When Sarala a 60-year-old with dementia was discharged from the hospital, her family was worried about at-home care. Her daughter Meera decided to choose professional help and a few months later, she noticed her mother become a lot better. “Though she passed away a year later, she was well cared for. The nurse who came to take care of her made a considerable difference in the last few months of her life,” she says.
A few decades ago, pregnancies and other illnesses were treated by traditional medical practitioners at the comfort of our home. With the evolution and changes in the health care industry, people started moving towards a centralised model, where all treatments could be done under one roof — hospitals. But now, many people are going back to treatment and rehabilitation in their private spaces. This movement has got the Indian health care market to look at an industry of home health care (HHC). City Express explores more about home health care in the city.
With many new licensed players such as home care plus, Portea Medical, India Home Health Care and a few previously existing players such as Radiant and Apollo bringing medical services from physiotherapy to ICU, post-surgery care to other everyday healthcare services to our doorsteps, the needs of patients are taken care of in their comfort zones. “Our concept is hospital at home.
We provide visiting nurses and doctors who constantly monitor the patients’ progress and needs. We give targets and care plans to nurses and they work accordingly,” says Dr Hari, Apollo Home Health Care.
For example, if a patient has undergone a tracheostomy, a specialised nurse is sent to set the suctioning needs of the patient and there are attenders and regular doctor visits too. “We have pre and post pregnancy care for both mother and child, critical care nurses for people who have undergone surgeries, and even semi-ICU set ups at the patient’s home,” he adds.
HHC not only takes care of patients who are bedridden or terminally ill but provides a care including post-surgery, elder care, child care and care for people with Dementia, Alzheimer’s and Parkinson’s disease. “We have been doing this since 2007 and have specialised in Dementia, Alzheimer and Parkinson’s. It’s not easy to take care of someone with these conditions and they need professional care,” says Dr Renuka David, MD, Radiant.
The advanced/specialised nurses who take care of patients with critical conditions have a nursing degree or a GNM diploma. “Taking care of patients with Alzheimer’s or Dementia and looking after post-operative patients is their forte. They also specialise in post-delivery care of mothers. These nurses are trained to handle patients with colostomy, tracheostomy, Ryle’s tube feed, PEG feed, and BIPAP,” explains Renuka.
Shakeela, a senior nurse at Radiant, shares her experience on treating patients with Dementia. “Every patient is different and we need at least a day or two to understand their state of mental health. We have to know them before beginning the treatment process. Sometimes they forget things in an hour or less and we will have to remind them about everything. It’s a challenge but our experience helps. From feeding them breakfast and medicines to giving a bath, we take care of their every need,” she shares.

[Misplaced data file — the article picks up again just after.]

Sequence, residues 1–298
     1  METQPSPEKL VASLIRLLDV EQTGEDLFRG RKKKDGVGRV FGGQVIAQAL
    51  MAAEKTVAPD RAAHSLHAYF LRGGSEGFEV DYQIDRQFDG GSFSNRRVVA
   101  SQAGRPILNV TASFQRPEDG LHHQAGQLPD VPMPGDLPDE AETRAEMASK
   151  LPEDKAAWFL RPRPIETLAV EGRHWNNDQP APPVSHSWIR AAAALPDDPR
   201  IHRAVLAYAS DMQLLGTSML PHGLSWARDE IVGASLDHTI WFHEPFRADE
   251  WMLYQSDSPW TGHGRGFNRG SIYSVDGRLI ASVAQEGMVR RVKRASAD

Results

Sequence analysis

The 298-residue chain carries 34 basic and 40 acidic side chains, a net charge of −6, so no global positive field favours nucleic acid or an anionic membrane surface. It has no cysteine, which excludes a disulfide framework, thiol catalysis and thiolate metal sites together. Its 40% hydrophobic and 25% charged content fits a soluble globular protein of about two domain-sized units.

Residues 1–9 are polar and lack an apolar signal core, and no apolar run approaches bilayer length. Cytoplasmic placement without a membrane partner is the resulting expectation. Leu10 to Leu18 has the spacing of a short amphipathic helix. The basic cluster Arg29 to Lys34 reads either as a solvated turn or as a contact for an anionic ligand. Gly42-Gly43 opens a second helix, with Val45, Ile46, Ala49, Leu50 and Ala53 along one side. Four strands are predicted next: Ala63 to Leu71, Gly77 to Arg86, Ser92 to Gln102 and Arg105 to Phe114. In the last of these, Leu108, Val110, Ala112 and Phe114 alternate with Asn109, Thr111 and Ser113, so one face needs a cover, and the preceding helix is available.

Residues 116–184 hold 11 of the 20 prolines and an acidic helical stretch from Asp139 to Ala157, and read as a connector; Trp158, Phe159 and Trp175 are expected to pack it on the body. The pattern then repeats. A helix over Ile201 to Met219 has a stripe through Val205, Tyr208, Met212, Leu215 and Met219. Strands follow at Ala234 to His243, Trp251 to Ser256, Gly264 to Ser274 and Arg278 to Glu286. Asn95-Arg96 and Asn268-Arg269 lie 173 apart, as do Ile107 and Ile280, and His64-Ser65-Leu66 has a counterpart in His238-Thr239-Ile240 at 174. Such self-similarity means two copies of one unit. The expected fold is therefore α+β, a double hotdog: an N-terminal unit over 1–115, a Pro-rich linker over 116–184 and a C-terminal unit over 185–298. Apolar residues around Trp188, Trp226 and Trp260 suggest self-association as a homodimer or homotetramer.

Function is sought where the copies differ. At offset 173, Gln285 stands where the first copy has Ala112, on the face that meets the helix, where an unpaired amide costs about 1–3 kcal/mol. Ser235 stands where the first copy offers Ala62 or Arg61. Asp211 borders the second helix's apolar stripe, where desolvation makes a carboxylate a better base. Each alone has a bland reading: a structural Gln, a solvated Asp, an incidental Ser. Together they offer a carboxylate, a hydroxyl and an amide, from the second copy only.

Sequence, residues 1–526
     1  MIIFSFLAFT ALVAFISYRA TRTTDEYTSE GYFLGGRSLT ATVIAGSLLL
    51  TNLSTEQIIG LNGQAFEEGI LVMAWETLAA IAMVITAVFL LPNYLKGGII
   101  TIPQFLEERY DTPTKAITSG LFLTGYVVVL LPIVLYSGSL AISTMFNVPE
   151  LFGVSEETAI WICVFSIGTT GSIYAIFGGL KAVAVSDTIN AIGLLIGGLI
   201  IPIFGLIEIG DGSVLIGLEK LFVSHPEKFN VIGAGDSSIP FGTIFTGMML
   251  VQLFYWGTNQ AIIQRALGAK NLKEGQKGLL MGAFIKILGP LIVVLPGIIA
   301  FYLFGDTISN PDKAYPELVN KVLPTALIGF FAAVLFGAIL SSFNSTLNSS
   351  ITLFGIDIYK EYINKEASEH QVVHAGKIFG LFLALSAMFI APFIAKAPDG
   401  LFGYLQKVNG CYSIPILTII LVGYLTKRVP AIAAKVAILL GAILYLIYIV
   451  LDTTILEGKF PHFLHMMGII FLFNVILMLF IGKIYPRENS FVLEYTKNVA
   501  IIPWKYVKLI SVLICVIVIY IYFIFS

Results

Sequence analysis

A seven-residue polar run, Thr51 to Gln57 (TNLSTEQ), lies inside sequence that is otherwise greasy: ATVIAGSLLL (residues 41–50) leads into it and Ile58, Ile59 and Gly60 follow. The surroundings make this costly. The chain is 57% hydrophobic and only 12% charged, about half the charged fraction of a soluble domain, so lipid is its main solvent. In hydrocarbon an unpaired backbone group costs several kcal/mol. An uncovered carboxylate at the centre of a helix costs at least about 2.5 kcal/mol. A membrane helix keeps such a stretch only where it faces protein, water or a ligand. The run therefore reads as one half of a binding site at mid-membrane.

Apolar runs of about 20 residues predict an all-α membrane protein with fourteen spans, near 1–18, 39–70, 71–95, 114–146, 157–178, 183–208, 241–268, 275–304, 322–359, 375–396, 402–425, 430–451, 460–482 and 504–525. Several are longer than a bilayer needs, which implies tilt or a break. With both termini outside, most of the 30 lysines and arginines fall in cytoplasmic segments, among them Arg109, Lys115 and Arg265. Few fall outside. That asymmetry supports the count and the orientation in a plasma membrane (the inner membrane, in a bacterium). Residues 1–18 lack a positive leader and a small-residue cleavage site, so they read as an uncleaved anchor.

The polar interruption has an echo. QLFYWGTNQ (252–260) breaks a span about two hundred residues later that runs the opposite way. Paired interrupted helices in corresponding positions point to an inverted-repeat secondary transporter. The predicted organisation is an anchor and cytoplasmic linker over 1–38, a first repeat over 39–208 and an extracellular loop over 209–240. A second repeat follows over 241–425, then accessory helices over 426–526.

These specialised nurses not only provide conventional health care, but also indulge the patient in stimulating games such as pallanguzhi, sudoku, jumble words and more to improve motor skills. “Some houses have a schedule made and given to the nurses and we follow that. It varies from person to person,” she adds.
While visiting nurses, home attenders, doctor visits and physiotherapists are part of the core services provided by these players, Uday Shankar, co-founder of Home Care Plus, shares, “Other services include lab test reports, online medical records, online pharmacy, storing medical records, helping patients with reminders for medicine intakes, ordering medicines based on their medicine intake, assisting them with proper medical checkups and giving them enough preventive methods to avoid falling ill.”
Though the pricing of these services differs with every centre, the minimum price of a service at a semi-premium and premium HHC, starts from `600 onwards depending on the service availed. “Everyone — nurses and doctors to the physiotherapists — are highly experienced and we pay them according to their expertise. The price range is solely for the quality we provide,” states Renuka.
As the future poses a transition from remedial care to a holistic view on preventive care, Hari adds, “Hospitals in future will become hubs only for surgeries and the rest of the treatment and services can be availed at home. This is the future we are heading towards.”